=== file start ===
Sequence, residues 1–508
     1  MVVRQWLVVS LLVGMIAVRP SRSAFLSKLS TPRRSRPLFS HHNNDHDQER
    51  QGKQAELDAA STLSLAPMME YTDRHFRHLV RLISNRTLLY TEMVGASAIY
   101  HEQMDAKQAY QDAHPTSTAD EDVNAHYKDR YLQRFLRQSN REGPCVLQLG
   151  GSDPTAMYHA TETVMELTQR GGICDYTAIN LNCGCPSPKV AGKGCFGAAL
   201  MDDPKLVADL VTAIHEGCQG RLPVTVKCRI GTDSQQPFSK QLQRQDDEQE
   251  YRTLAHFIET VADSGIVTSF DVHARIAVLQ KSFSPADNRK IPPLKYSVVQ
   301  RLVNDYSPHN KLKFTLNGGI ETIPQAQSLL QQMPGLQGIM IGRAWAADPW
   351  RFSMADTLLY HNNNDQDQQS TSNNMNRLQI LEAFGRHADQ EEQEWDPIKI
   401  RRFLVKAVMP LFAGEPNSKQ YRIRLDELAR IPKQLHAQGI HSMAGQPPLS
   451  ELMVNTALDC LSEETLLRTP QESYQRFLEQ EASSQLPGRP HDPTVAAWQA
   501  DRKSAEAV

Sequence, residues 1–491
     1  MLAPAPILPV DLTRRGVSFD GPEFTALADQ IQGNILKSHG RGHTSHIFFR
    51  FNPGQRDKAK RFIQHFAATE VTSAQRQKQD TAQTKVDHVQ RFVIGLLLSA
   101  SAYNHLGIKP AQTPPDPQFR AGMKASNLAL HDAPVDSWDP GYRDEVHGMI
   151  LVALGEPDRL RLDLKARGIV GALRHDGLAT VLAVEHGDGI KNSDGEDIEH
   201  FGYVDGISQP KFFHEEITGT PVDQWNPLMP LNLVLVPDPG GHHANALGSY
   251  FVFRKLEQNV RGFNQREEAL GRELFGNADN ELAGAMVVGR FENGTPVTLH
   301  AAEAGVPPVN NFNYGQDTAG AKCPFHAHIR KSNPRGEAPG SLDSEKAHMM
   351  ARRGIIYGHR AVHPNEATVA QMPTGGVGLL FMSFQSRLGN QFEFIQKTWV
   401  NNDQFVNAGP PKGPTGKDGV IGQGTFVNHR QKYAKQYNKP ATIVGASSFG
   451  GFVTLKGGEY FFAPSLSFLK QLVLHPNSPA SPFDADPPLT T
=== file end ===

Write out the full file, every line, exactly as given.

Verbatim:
Sequence, residues 1–508
     1  MVVRQWLVVS LLVGMIAVRP SRSAFLSKLS TPRRSRPLFS HHNNDHDQER
    51  QGKQAELDAA STLSLAPMME YTDRHFRHLV RLISNRTLLY TEMVGASAIY
   101  HEQMDAKQAY QDAHPTSTAD EDVNAHYKDR YLQRFLRQSN REGPCVLQLG
   151  GSDPTAMYHA TETVMELTQR GGICDYTAIN LNCGCPSPKV AGKGCFGAAL
   201  MDDPKLVADL VTAIHEGCQG RLPVTVKCRI GTDSQQPFSK QLQRQDDEQE
   251  YRTLAHFIET VADSGIVTSF DVHARIAVLQ KSFSPADNRK IPPLKYSVVQ
   301  RLVNDYSPHN KLKFTLNGGI ETIPQAQSLL QQMPGLQGIM IGRAWAADPW
   351  RFSMADTLLY HNNNDQDQQS TSNNMNRLQI LEAFGRHADQ EEQEWDPIKI
   401  RRFLVKAVMP LFAGEPNSKQ YRIRLDELAR IPKQLHAQGI HSMAGQPPLS
   451  ELMVNTALDC LSEETLLRTP QESYQRFLEQ EASSQLPGRP HDPTVAAWQA
   501  DRKSAEAV

Sequence, residues 1–491
     1  MLAPAPILPV DLTRRGVSFD GPEFTALADQ IQGNILKSHG RGHTSHIFFR
    51  FNPGQRDKAK RFIQHFAATE VTSAQRQKQD TAQTKVDHVQ RFVIGLLLSA
   101  SAYNHLGIKP AQTPPDPQFR AGMKASNLAL HDAPVDSWDP GYRDEVHGMI
   151  LVALGEPDRL RLDLKARGIV GALRHDGLAT VLAVEHGDGI KNSDGEDIEH
   201  FGYVDGISQP KFFHEEITGT PVDQWNPLMP LNLVLVPDPG GHHANALGSY
   251  FVFRKLEQNV RGFNQREEAL GRELFGNADN ELAGAMVVGR FENGTPVTLH
   301  AAEAGVPPVN NFNYGQDTAG AKCPFHAHIR KSNPRGEAPG SLDSEKAHMM
   351  ARRGIIYGHR AVHPNEATVA QMPTGGVGLL FMSFQSRLGN QFEFIQKTWV
   401  NNDQFVNAGP PKGPTGKDGV IGQGTFVNHR QKYAKQYNKP ATIVGASSFG
   451  GFVTLKGGEY FFAPSLSFLK QLVLHPNSPA SPFDADPPLT T